The Formation of Structured Cooperative Communities

Sjödin, H., Brännström, Å., Mazzucco, R., & Dieckmann, U. ORCID: (2015). The Formation of Structured Cooperative Communities. In: Systems Analysis 2015 - A Conference in Celebration of Howard Raiffa, 11 - 13 November, 2015, Laxenburg, Austria.

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A society relying upon public goods must avoid a tragedy of the commons; it will otherwise wither owing to the collapse of cooperative enterprises. This long recognized phenomenon has repeatedly caught the attention of thinkers across a variety of fields. Game theory has, through stylized quantitative models, served to unfold core processes governing the nature of cooperation on public goods. While caught between oversimplification and intractability, research is pushing to understand cooperation in complex systems. Large organizational units, such as whole communities, are typically subdivided into a multiple of different localized groups between which individuals may transfer. Although the group structure of such heterogeneous units is known to be important to the success of cooperation, knowledge on how group structures dynamically unfold and develop jointly with cooperative efforts is limited. Public economist Charles Tiebout suggested in 1956 that foot voting as an inter-group migration behavior could constitute a powerful bottom-up solution to the free-rider problem in local governance, as he believed that large communities would self-organize into an optimal type of group-structure. We apply evolutionary game-theory to social group-formation, and find that foot voting spontaneously emerges in large self-organized, public-goods communities. In turn, the emergence of foot voting makes way for cooperation to develop in non-cooperative communities which transform into highly cooperative group-structured societies. As such, the Tiebout hypothesis gets support in evolutionary game theory, and at the same time is revealed as an example of a wider concept, as it builds on a sorting principle that appears inevitable and that may represent a general mechanism for triggering invasion of altruism, potentially at many, and much more basic, levels of social and biological organization.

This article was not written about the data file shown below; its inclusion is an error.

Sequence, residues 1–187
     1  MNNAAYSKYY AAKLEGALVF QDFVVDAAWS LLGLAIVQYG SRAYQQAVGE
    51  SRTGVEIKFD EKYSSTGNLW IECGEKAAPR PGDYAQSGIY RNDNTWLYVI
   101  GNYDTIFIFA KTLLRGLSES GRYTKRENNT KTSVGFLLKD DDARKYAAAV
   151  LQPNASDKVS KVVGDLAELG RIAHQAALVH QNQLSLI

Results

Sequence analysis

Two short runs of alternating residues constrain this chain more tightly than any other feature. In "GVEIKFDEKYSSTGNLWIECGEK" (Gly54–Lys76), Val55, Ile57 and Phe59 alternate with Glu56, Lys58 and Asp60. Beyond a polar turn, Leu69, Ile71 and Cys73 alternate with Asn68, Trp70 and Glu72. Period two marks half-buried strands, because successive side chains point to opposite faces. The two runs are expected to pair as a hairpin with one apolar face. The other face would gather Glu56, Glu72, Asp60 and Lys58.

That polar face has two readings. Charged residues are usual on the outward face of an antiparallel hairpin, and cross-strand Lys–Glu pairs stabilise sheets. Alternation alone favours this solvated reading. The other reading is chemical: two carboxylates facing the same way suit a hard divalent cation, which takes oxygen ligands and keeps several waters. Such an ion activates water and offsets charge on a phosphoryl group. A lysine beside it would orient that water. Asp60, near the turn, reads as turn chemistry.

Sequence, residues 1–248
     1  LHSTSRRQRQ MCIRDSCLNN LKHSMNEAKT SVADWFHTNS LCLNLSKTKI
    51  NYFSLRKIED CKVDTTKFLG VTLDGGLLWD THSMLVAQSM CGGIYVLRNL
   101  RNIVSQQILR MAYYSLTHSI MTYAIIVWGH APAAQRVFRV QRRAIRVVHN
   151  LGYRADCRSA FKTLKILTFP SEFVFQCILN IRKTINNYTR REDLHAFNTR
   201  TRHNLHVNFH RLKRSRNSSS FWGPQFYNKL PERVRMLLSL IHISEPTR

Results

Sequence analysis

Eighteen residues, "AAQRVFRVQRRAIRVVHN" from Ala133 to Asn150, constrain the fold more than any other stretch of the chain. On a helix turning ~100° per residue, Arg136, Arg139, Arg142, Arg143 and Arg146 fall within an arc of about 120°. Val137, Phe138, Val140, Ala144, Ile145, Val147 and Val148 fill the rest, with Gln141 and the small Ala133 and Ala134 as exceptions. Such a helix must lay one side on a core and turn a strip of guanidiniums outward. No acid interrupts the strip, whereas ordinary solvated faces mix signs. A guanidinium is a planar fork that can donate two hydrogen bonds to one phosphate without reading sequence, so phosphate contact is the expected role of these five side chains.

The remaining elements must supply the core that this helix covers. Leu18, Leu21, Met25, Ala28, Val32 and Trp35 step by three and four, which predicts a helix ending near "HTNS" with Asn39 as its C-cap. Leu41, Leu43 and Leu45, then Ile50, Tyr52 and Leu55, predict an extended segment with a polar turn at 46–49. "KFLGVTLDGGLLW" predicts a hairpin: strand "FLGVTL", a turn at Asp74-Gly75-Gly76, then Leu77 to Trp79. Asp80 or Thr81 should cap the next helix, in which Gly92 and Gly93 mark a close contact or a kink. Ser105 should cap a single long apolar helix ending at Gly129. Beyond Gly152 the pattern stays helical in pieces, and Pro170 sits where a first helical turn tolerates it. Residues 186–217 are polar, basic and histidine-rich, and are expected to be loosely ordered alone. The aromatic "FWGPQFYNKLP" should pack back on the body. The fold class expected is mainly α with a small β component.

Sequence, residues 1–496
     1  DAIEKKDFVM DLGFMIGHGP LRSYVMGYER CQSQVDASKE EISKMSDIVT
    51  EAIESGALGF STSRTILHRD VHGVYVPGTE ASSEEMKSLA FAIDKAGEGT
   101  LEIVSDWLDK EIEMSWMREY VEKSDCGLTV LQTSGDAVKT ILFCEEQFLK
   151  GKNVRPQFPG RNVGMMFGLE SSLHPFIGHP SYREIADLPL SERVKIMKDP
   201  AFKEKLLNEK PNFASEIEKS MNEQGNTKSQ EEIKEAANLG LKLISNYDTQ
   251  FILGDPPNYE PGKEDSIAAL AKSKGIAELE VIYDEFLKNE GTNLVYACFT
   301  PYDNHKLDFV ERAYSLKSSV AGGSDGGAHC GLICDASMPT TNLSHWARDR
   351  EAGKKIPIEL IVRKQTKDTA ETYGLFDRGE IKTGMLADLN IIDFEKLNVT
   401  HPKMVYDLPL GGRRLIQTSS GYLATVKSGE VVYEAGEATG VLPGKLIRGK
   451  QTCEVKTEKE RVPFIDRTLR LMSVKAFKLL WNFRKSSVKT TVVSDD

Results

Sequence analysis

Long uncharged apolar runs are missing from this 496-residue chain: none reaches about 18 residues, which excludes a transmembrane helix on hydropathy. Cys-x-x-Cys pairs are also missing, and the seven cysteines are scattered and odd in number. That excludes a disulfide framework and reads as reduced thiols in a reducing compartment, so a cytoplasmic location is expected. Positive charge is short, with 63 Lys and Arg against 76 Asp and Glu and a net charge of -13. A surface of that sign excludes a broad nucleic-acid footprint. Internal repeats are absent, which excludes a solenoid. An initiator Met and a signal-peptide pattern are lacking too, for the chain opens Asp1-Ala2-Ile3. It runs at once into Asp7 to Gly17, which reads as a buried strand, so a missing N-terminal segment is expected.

Item Type: Conference or Workshop Item (Poster)
Research Programs: Evolution and Ecology (EEP)
Depositing User: Michaela Rossini
Date Deposited: 18 Jan 2016 13:19
Last Modified: 14 Jun 2023 13:23

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